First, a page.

In July, the US Immigration and Customs Enforcement’s (ICE) Homeland Security Investigations announced that I-9 audit notices were served to more than 5,200 businesses in the country since the start of 2018. The notices inform business owners that ICE is going to audit their hiring records to determine their compliance with existing law.
So if you receive a notice, what do you need to do?
- Understand the law. Under federal law, employers are required to verify the identity and employment eligibility of all individuals they hire, and document the information on Form I-9. Employers must maintain original Forms I-9 for all current employees and keep the forms of former employees for at least three years from the date of hire or for one year after the employee is no longer employed, whichever is longer.
- Prepare for Inspection. Upon receipt of a notice of inspection, employers have three business days to produce their company’s I-9s for ICE to review during an inspection. Supporting documentation may also be required, such as a copy of the payroll records and list of current employees. In certain situations, typically as part of a criminal investigation, documentation can be compelled earlier by warrant or court order.
- Review Results. Once complete, ICE will notify the audited party of the inspection results. You may receive a letter saying you’re in compliance or one of several other notices, such as a notice of suspect documents, notice of discrepancies, or notice of technical or procedural failures.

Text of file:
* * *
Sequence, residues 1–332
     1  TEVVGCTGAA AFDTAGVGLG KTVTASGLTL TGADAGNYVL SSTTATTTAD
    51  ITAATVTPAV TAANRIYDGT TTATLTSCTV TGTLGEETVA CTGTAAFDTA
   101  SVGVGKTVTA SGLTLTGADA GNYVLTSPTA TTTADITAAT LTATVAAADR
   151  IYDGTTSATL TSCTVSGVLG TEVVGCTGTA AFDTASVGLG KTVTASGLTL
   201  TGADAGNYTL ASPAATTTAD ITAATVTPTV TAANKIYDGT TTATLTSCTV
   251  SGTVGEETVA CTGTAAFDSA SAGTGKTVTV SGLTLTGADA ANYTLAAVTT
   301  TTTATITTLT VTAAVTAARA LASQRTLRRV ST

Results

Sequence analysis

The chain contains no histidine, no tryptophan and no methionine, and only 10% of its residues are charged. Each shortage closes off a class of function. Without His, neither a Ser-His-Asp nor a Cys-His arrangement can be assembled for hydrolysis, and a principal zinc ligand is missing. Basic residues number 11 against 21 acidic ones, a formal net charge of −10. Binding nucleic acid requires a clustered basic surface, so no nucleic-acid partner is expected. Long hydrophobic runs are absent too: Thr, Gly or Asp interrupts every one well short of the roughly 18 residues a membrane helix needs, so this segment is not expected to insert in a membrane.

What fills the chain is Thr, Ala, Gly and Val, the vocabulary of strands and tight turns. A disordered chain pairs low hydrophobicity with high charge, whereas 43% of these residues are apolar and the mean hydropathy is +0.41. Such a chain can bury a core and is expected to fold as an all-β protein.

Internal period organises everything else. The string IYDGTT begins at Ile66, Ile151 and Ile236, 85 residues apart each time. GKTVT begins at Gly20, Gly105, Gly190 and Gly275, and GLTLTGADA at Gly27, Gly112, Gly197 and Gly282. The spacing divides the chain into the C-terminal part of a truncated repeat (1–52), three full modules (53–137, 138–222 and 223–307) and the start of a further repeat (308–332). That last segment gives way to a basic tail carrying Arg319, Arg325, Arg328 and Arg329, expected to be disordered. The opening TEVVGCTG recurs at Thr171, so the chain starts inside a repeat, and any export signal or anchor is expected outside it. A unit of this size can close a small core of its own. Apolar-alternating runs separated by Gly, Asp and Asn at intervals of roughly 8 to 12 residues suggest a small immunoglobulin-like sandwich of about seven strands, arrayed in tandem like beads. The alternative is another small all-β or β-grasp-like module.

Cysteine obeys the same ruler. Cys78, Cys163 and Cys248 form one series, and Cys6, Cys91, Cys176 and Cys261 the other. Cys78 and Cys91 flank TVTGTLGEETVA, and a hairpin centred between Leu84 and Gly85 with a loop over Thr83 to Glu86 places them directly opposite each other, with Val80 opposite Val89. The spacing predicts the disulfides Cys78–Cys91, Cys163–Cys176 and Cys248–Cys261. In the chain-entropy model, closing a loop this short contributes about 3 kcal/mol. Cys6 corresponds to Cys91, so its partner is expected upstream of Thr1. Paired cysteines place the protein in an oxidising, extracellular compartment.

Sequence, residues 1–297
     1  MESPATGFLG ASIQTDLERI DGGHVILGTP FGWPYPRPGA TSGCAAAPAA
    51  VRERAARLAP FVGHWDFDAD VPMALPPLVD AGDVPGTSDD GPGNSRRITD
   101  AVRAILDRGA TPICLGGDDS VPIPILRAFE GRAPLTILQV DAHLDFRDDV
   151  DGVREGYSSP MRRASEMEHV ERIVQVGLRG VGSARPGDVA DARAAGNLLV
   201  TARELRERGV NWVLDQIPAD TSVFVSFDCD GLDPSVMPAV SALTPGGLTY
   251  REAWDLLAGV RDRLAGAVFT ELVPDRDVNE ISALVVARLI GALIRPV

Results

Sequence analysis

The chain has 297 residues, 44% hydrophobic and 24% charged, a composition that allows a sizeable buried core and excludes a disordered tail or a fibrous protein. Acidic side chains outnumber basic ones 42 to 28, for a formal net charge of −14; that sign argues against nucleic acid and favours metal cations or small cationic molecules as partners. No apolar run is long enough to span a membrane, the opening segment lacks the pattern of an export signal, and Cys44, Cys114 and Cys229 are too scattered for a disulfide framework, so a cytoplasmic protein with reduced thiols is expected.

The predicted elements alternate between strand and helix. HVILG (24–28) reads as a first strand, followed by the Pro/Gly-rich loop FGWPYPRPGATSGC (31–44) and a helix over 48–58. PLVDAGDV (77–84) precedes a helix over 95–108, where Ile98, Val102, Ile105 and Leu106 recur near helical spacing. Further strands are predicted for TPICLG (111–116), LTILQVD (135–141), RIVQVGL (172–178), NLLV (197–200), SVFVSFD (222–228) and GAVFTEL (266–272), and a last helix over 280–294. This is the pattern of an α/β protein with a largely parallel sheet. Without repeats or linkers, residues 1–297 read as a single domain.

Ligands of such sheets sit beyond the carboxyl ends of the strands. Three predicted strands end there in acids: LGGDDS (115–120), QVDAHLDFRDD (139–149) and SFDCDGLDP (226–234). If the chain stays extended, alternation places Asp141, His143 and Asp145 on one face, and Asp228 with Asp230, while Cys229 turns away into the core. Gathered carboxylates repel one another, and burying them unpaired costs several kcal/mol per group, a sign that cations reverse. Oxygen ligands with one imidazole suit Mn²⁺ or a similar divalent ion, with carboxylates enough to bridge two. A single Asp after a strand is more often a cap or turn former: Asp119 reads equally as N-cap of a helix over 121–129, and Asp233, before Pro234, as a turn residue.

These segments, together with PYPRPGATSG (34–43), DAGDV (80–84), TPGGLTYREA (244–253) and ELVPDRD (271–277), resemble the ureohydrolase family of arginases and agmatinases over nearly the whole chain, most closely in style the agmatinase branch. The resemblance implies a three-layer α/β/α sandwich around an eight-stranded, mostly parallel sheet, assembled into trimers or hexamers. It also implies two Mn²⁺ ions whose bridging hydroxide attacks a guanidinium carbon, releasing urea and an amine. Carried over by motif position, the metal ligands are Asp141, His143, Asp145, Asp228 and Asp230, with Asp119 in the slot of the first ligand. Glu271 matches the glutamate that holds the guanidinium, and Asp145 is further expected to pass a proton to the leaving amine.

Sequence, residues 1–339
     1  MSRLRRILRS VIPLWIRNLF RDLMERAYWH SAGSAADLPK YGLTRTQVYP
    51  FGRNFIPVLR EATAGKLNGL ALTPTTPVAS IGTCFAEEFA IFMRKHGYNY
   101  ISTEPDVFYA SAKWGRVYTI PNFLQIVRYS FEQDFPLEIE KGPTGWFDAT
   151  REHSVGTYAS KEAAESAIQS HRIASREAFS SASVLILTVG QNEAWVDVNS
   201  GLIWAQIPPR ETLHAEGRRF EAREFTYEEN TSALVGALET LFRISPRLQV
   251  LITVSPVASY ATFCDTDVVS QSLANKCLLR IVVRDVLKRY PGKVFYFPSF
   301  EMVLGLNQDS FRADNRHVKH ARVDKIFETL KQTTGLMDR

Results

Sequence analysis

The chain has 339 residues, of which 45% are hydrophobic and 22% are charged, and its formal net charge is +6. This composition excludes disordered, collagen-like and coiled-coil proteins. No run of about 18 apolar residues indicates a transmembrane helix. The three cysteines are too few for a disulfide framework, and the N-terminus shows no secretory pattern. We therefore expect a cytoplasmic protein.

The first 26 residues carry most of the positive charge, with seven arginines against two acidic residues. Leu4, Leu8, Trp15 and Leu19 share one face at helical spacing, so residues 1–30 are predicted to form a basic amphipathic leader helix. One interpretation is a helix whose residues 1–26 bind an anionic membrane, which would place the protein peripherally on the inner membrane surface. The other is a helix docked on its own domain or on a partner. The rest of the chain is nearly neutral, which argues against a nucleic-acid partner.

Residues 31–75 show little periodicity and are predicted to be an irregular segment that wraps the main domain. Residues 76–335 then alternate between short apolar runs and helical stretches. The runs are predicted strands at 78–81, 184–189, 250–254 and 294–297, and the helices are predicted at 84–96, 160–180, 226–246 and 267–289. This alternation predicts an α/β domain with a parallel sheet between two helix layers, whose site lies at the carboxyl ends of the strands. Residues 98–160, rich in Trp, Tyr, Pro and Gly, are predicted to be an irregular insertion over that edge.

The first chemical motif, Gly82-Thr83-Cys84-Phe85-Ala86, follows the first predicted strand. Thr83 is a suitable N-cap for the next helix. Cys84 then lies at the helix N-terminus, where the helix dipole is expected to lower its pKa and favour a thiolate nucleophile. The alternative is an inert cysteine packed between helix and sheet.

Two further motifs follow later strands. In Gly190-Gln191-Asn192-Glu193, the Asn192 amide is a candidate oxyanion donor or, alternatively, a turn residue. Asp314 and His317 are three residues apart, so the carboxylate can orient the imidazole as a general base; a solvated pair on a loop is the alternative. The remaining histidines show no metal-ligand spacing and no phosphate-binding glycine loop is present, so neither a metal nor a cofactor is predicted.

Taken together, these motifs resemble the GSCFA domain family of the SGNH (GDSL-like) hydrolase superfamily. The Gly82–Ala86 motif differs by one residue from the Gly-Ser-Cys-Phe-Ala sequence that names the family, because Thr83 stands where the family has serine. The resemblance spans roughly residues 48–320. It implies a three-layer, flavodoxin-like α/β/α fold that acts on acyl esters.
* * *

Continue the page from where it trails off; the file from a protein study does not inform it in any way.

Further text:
- Perform Required Follow Up. If technical or procedural violations are found, then employers have ten business days to make corrections. If ICE is unable to determine an employee’s work eligibility or determines that an employee is unauthorized to work, the employer will have an opportunity to present additional information to establish their employment eligibility.
- Address Penalties. Employers with substantive and uncorrected technical violations may face monetary fines and those who knowingly hired or continued to employ unauthorized workers may be fined or criminally prosecuted. ICE considers five factors when determining penalties: employer size, gravity of the violation, involvement of unauthorized workers, prior violations and sincerity of the employer’s compliance efforts. Once you receive a notice of intent to fine, you can opt to negotiate a settlement with ICE or request a hearing. If no action is taken, you’ll receive a final order requiring you to pay.
To help reduce your potential liability from an I-9 audit, be sure to review and update your policies for compliance, train personnel responsible for I-9 completion and perform regular self-audits.